Moderna says early trial results show increased immunity against COVID-19 variants first found in Brazil and South Africa among people who took a booster shot or an experimental new vaccine. And a new study shows Pfizer’s original vaccine has proven highly effective against the variant first spotted in the United Kingdom.
Meanwhile Moderna said Thursday it will start seeking full approval of its vaccine from the Food and Drug Administration by the end of the month. It’s currently in use under an emergency authorization. Pfizer had already said it would begin trying for that full FDA approval by month’s end.
Both vaccines currently involve getting two shots
Moderna said initial results showed people who got a third shot of its current vaccine or a third shot that was a revised mix designed to target the South African variant had increased levels of antibodies against both the South African and Brazilian variants and the original COVID-19.
The company added that antibody levels against the South African variant were higher in people who got the revised vaccine specifically targeting that variant than in people given the third shot of its original vaccine.
Moderna CEO Stéphane Bancel said, “We are encouraged by these new data, which reinforce our confidence that our booster strategy should be protective against these newly detected variants.”
Separately, the largest real-world study yet of the Pfizer/BioNTec vaccine confirmed that the shot provided more than 95% protection against COVID-19.
The authors of the research from Israel’s national vaccination campaign said it showed real-world proof that the pandemic could be ended by rapid, global vaccination programs.
An analysis of public health data from Israel — one of the countries with the highest proportion of fully-vaccinated adults — showed the vaccine was extremely effective in protecting even the elderly at a time when the more infectious English variant was dominant, according to results published in the Lancet medical journal.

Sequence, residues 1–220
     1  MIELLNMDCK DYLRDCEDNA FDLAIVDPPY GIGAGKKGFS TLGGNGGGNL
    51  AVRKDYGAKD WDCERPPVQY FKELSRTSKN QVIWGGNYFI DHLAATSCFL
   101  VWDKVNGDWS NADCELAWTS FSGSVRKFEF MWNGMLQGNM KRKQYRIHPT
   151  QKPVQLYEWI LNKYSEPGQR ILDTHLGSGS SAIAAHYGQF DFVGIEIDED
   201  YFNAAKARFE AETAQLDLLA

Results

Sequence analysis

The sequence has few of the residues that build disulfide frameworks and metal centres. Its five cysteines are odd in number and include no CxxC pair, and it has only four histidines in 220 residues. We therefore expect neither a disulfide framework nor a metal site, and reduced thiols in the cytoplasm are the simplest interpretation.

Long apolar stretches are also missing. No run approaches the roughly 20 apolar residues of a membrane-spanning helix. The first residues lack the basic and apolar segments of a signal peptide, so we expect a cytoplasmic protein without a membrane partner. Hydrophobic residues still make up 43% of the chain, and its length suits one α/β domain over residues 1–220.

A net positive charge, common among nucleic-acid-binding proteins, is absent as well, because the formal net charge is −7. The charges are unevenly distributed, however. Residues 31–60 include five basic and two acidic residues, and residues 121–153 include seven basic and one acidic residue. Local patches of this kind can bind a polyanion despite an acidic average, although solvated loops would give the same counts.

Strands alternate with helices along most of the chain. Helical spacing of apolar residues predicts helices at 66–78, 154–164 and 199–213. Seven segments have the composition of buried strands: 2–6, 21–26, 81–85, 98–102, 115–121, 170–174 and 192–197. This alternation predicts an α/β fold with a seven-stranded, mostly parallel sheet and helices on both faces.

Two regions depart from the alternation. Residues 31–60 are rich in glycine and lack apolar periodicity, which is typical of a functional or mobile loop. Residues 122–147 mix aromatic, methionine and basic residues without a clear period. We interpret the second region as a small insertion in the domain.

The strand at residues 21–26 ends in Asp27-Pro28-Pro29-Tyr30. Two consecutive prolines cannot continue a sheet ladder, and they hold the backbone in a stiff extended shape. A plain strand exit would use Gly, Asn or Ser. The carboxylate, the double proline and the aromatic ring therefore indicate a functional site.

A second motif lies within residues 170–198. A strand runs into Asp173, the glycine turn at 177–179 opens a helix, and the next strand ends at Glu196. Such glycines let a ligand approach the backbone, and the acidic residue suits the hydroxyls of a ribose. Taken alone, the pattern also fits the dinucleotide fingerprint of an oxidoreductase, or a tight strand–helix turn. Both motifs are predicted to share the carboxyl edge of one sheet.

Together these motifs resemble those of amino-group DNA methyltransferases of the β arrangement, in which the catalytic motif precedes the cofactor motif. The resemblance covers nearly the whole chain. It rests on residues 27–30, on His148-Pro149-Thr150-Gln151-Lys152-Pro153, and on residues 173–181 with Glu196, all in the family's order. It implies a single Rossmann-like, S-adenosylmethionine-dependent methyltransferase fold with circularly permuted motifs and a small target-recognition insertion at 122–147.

During the analysis period, there were 232,268 confirmed COVID-19 infections, and nearly 95of samples tested were found to be the English B117 variant.
The team behind the research said they couldn’t study the effect of the South African variant, which has also been identified in Israel.
By the start of April, nearly 5 million people in Israel had received two doses of the Pfizer/BioNTech jab, more than 70% of the population.
The study found that two doses conveyed 95.3% protection against infection and 96.7 protection against death seven days after the second dose.
After 14 days, that protection increased to 96.5% and 98%, respectively.
However, the data showed that the level dropped significantly when people received just one of the two prescribed doses. The authors said one dose may provide a shorter window of protection, especially in an environment where new viral variants emerge.
“Importantly, the study shows that two doses of the vaccine significantly increase levels of immunity and protection,” said Jonathan Ball, professor of Molecular Virology at the University of Nottingham, who was not involved in the research.
“This is why it is important that people get both doses.”